Photo by Paul Rubio
Shrouded in mystery and strewn with iconic, larger-than-life statues, Rapa Nui—better known as Easter Island—is one of the world’s most remote inhabited islands and has headlined bucket lists since the advent of leisure travel. Even as today’s travel elite searches for the next great destination, this 63.2-square-mile speck in the middle of the Pacific Ocean still prevails as an undisputed must-see.
Easter Island’s mystique has captivated explorers and travelers for nearly three centuries. On Easter Sunday in 1722, European voyagers stumbled upon an otherworldly Pacific island—thousands of miles from any other landmass—speckled with towering, multi-ton chess-like statues called moai. Scholars still debate the genesis of the moai, the role they played in society, and just how they arrived in the far corners of the island. Archaeologists, anthropologists, and historians all yearn to unravel the conundrums surrounding Rapa Nui’s colonization (circa 300 AD to 1200 AD) and life thereafter.
Because no written history details the moais’ significance, only oral lore sheds light on the multi-century evolution of these colossal sculptures. In the most general sense, moai honored important individuals in both life and death, offered protection against rival clans, and left legacies for future generations. Oral tradition notwithstanding, much ambiguity stems from a depletion of primary knowledge, first from civil wars and then from the slave trade of the nineteenth century, which decimated Easter Island’s native population to just 111 individuals. However, this uncertainty catalyzes a palpable wow factor and stimulates the imagination. You know you’ve given into the magic of Easter Island when reality and make-believe blur and you subconsciously begin looking for secret passageways and channeling the moai in an effort to understand the island’s enigmas.
Explora Rapa Nui
Easter Island’s hypnotic lure and living history form a playground for luxury travelers thanks to the introduction of Explora Rapa Nui. The island’s premier lodge, it offers three- to six-night expeditions inclusive of accommodations, adventures, and gourmet meals.
The lodge exemplifies green construction, built principally from volcanic rock and local wood. A low-rise masterpiece partitioned into design-driven suites, Explora Rapa Nui nestles into a coastal hilltop, where wild horses roam and Pacific waves batter the craggy coastline. Throughout the property, you’ll see a love match between modernism and minimalism with oversized panoramic windows, stylish day beds, and a sleek swimming pool and spa area.
Room and exterior of Explora Rapa Nui.
Explora offers more than 20 outings across this foreign land, with two half-day tours (or one full-day tour) per day. Groups are never larger than eight and are led by expert, bilingual guides. Between excursions, you’ll return to your chic, luxurious base and feast in the lodge restaurant. Begin your days with sensational breakfast spreads including house-made breads, croissants, exotic-fruit jams, and superb omelets. At lunch and dinner, indulge in ocean-to-table delicacies, homemade gnocchi, rack of lamb, fine Chilean wines, and pisco sours. After another day navigating this wondrous island, the bar and lounge area are ideal for unwinding and swapping stories with your fellow jet-set adventurers.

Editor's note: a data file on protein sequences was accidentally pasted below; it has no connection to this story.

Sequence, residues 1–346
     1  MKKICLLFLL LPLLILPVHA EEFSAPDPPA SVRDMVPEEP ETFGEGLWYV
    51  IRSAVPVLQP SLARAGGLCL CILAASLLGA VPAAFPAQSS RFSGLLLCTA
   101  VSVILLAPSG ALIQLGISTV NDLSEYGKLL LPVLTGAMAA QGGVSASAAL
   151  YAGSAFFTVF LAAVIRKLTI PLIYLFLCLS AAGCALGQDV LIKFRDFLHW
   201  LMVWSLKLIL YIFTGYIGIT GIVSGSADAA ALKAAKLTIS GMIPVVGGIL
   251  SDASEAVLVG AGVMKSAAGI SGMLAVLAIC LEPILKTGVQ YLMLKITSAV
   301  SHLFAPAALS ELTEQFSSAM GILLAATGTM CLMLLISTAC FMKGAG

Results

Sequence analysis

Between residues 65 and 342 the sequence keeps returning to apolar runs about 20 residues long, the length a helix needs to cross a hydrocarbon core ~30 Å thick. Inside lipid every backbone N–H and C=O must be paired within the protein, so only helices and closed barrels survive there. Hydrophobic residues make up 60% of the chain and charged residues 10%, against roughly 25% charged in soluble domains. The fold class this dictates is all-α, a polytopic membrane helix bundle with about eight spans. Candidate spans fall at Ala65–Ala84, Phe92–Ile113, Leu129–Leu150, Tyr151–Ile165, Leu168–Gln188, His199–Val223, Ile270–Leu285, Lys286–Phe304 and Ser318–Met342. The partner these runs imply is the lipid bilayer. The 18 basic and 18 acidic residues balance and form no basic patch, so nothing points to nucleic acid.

The bar at Explora Rapa Nui.
The majority of Explora’s prolific excursions focus on getting up close and personal with the island’s many stone statues. The most experiential is arguably the climb up Rano Raraku, the moai stone quarry and birthplace of these 10- to 270–ton works of genius, where hundreds of statues have been partially reclaimed by the earth. This is where the statues were carved before being transported to the far reaches of the island. Nowadays, hundreds of statues peer out from the ground, partially buried—and some partially carved—forever freezing the moment in time when the moai quarry was abandoned.
Aerial view of the Rano Kau crater.
Birdman petroglyph at Rano Kau.
Prepare to saturate memory cards and max out data storage on the tour to Ahu Tongariki, the superlative assembly of restored moai standing 15 strong along the island’s southeast shoreline. And you won’t want to miss spelunking through Las Dos Ventanas cave and later ascending Rano Kau crater, the site of Easter Island’s famous Birdman competition and a nineteenth-century worship grounds.
Beyond the moai rapture, look forward to other explorations by foot, bike, and boat. Hikes range from easy to rigorous with paths traversing the rocky coastline, passing along the perimeters of the island’s extinct volcanoes, and delving into mysterious caves that played instrumental roles in protecting islanders during times of civil war. Bike paths dot the island, granting endless hours of serenity in what feels like Earth’s final frontier.
Although this is a tropical island, don’t expect the typical beachside, fun-in-the-sun vacation. Easter Island has only two very small white-sand beaches. That being said, tiny local boats float at the ready for circumventing the island and snorkeling near the outer motus. In addition, the Hi Ika Artisinal Fisheries trip allows guests to learn about and practice local fishing techniques.
Regardless of which excursions you choose—and if you opt for the six-night expedition, you’ll do most—this enigmatic island never fails to captivate and impress.
Photo by Paul Rubio
Snorkeling in the Pacific Ocean at Easter Island